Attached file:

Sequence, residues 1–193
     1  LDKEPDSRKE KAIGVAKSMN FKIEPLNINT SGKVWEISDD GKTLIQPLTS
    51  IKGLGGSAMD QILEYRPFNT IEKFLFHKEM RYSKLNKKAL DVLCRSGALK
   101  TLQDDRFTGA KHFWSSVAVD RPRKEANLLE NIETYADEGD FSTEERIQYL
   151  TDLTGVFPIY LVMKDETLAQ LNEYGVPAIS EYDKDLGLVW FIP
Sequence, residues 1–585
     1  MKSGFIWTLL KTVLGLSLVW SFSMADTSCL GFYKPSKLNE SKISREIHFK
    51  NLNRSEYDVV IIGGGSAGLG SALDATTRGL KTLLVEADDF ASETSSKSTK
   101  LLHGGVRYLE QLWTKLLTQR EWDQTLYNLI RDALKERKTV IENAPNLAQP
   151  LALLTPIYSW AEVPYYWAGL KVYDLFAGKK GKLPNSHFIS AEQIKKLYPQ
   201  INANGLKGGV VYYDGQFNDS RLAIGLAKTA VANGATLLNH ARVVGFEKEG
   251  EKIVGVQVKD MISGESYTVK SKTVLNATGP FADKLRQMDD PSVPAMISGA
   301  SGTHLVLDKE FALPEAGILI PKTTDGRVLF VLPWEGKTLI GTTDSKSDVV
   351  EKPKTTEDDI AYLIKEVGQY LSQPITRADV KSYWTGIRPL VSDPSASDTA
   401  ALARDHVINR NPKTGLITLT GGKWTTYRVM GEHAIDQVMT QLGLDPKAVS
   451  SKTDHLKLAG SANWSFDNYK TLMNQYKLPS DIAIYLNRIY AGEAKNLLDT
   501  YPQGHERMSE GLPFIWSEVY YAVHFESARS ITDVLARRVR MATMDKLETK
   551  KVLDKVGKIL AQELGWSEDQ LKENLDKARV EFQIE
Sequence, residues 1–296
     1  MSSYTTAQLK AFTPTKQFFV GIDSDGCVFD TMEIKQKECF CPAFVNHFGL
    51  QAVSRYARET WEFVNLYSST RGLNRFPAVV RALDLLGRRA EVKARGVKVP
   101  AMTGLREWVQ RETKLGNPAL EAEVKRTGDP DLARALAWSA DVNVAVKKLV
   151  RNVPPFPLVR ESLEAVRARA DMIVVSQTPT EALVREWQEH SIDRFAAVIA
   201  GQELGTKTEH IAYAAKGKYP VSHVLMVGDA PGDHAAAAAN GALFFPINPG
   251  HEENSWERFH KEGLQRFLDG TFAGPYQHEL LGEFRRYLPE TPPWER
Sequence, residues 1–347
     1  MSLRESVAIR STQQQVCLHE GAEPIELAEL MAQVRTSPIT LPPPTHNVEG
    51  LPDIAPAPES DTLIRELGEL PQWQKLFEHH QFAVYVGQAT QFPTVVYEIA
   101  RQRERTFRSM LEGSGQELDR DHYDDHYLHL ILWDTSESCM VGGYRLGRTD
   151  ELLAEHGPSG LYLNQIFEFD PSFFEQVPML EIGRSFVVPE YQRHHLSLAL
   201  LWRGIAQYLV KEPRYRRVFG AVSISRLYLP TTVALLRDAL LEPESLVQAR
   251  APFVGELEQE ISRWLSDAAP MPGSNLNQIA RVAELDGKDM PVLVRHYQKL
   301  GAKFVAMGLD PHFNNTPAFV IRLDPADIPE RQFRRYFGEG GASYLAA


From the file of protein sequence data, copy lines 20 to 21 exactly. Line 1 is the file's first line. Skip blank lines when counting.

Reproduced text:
     1  MSSYTTAQLK AFTPTKQFFV GIDSDGCVFD TMEIKQKECF CPAFVNHFGL
    51  QAVSRYARET WEFVNLYSST RGLNRFPAVV RALDLLGRRA EVKARGVKVP